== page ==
Review – The Nubian Sky, Flash Festival, University of Northampton 3rd Year Acting Students, Looking Glass Theatre, Northampton, 5th April 2019

Flash FestivalAfter a packed week of dramatic highs and lows – almost entirely highs, actually – we come to the last show in this year’s Flash Festival – The Nubian Sky, a solo performance by Shemelia Lewis. It’s an examination of what it is to be a black woman today. Part celebration, part revelation, Ms Lewis takes us through a number of scenarios, including a child growing up in Montserrat with strict but loving parents and only appallingly racist cartoons on TV to watch; and a grotesque TV game show, hosted by the revolting Dave, where we’re asked to judge whether a black woman who has been subjected to domestic abuse should get justice. Fortunately, our audience agreed 100% that she should; but the TV judges, whoever they were, disagreed. And at the end we see the woman in question struggling as a result of the nationwide TV disgrace – unable to keep down her job, no longer able to study, crying out to God for some comfort. Ms Lewis painted a very disturbing and uncomfortable picture on which to end the play.

The Nubian SkyThe performance is full of contrasts. On one hand, Ms Lewis is a joy to watch. She comes across as a very likeable, rather wacky individual; her characters like to dance, to have fun, and simply, quietly, to get on with their lives. Set against this is a constant undercurrent of racism; the hideous cartoon, the denial of justice, the racist terminology in the media and around her. And whilst you sense that the spirit of survival and overcoming the odds will always prevail, that final scene of despair and abandonment tells another story.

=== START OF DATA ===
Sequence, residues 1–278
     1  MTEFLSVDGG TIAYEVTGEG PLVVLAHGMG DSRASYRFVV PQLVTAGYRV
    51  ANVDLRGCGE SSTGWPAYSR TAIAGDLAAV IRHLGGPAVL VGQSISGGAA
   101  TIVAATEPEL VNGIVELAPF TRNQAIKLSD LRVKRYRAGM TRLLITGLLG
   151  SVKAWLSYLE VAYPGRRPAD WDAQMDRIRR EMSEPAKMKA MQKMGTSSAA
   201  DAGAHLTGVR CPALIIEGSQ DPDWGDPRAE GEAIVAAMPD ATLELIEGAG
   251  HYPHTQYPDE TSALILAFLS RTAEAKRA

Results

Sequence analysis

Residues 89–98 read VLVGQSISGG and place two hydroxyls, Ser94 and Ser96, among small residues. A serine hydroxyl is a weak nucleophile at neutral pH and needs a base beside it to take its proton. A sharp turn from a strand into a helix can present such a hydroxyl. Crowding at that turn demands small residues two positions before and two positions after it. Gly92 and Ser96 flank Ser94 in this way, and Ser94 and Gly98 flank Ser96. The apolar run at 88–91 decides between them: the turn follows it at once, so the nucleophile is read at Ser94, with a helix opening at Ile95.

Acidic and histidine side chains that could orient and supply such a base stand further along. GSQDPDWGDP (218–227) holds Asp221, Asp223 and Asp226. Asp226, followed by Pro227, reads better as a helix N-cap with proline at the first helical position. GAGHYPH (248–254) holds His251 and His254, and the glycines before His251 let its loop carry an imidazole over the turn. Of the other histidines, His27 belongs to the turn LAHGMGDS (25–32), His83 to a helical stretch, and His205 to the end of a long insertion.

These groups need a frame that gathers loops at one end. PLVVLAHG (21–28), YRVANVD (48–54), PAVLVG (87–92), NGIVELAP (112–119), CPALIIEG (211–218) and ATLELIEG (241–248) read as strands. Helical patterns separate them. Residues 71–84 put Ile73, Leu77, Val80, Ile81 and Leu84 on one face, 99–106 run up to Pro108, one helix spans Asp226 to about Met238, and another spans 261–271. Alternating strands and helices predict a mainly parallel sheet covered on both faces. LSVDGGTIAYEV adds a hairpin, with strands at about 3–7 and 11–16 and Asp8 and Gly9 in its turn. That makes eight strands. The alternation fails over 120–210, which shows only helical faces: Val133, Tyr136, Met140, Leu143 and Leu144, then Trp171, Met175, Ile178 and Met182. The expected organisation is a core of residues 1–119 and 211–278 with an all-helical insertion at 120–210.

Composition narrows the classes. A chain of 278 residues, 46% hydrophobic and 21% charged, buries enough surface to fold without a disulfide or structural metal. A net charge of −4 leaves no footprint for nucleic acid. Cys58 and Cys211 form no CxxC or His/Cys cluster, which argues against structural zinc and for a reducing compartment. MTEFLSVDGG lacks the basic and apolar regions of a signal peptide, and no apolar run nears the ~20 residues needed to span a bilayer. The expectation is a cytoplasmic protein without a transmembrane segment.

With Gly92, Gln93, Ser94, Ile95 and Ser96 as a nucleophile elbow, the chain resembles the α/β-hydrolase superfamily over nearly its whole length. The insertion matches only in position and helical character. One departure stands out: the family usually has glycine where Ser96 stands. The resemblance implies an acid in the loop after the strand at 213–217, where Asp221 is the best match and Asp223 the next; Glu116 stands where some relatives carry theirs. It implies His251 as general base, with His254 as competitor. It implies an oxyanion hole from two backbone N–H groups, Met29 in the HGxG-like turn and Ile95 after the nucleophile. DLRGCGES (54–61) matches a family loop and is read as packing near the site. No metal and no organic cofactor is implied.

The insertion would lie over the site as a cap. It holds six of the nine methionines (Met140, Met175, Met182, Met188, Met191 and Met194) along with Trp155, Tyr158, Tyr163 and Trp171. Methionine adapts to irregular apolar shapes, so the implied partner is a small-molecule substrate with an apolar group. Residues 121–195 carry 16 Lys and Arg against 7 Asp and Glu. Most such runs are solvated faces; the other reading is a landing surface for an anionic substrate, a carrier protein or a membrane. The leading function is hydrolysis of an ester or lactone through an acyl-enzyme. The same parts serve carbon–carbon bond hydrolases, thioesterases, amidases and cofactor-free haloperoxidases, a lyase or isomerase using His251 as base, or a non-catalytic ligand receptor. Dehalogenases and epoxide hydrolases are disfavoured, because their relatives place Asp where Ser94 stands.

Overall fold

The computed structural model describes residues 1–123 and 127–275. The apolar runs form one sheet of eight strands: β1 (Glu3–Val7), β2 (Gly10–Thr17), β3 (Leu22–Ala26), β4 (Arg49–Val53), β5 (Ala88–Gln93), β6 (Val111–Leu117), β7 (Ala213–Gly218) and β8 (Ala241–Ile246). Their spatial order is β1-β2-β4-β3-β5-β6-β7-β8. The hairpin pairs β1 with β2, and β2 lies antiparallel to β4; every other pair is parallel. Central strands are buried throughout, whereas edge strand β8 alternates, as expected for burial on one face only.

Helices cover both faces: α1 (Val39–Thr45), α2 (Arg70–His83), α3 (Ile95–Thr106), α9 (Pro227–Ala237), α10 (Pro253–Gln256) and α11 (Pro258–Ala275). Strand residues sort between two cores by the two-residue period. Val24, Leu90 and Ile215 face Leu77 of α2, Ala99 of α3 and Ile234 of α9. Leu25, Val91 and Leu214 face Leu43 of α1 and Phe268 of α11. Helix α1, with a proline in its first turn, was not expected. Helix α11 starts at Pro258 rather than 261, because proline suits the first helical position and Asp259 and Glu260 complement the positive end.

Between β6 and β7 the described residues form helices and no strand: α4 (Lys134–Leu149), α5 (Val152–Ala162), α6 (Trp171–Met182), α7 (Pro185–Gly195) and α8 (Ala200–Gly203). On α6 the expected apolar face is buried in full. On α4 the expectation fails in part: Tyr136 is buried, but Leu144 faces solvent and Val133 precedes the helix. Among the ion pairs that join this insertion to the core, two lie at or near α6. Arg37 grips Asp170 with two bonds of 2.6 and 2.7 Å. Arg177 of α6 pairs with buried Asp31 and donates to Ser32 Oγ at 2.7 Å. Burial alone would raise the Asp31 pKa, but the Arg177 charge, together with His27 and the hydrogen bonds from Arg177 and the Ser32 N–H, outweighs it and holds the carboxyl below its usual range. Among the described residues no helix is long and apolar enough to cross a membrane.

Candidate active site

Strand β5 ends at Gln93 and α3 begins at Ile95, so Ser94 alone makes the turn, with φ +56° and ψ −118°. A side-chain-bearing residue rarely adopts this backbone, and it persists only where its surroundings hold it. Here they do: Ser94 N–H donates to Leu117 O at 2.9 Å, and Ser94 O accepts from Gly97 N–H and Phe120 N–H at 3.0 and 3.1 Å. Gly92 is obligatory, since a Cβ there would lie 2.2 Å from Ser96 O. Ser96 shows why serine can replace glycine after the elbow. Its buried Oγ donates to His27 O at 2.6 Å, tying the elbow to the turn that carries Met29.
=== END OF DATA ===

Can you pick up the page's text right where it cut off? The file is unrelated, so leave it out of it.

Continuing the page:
Shemelia LewisI think it could have been even more successful if Ms Lewis had taken some of the ideas further. That cartoon, for instance, could have done with some deconstructing, rather than just showing the little girl getting bored with it. There was a scene where the schoolgirl got into trouble because of her hair; I’d have liked to understand a little more about what drove the teacher to raise the issue, and how it made everyone feel. Just a thought.

It sounds odd – and lame – to say that a play about how racism affects someone can be enjoyable, but strangely this performance was very enjoyable, because of the thoughtful and amusing characterisations and Ms Lewis’ warm sense of communication. Congratulations!

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